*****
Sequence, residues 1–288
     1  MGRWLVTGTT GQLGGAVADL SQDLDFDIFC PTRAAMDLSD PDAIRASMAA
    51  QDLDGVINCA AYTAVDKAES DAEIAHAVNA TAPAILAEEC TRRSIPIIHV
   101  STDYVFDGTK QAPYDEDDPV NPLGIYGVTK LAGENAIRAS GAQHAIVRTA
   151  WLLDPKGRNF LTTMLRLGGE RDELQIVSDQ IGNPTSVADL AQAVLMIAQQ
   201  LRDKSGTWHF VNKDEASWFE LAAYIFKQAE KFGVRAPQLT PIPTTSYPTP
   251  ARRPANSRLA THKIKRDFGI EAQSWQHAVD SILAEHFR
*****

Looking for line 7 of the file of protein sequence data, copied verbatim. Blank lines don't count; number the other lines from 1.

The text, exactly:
   251  ARRPANSRLA THKIKRDFGI EAQSWQHAVD SILAEHFR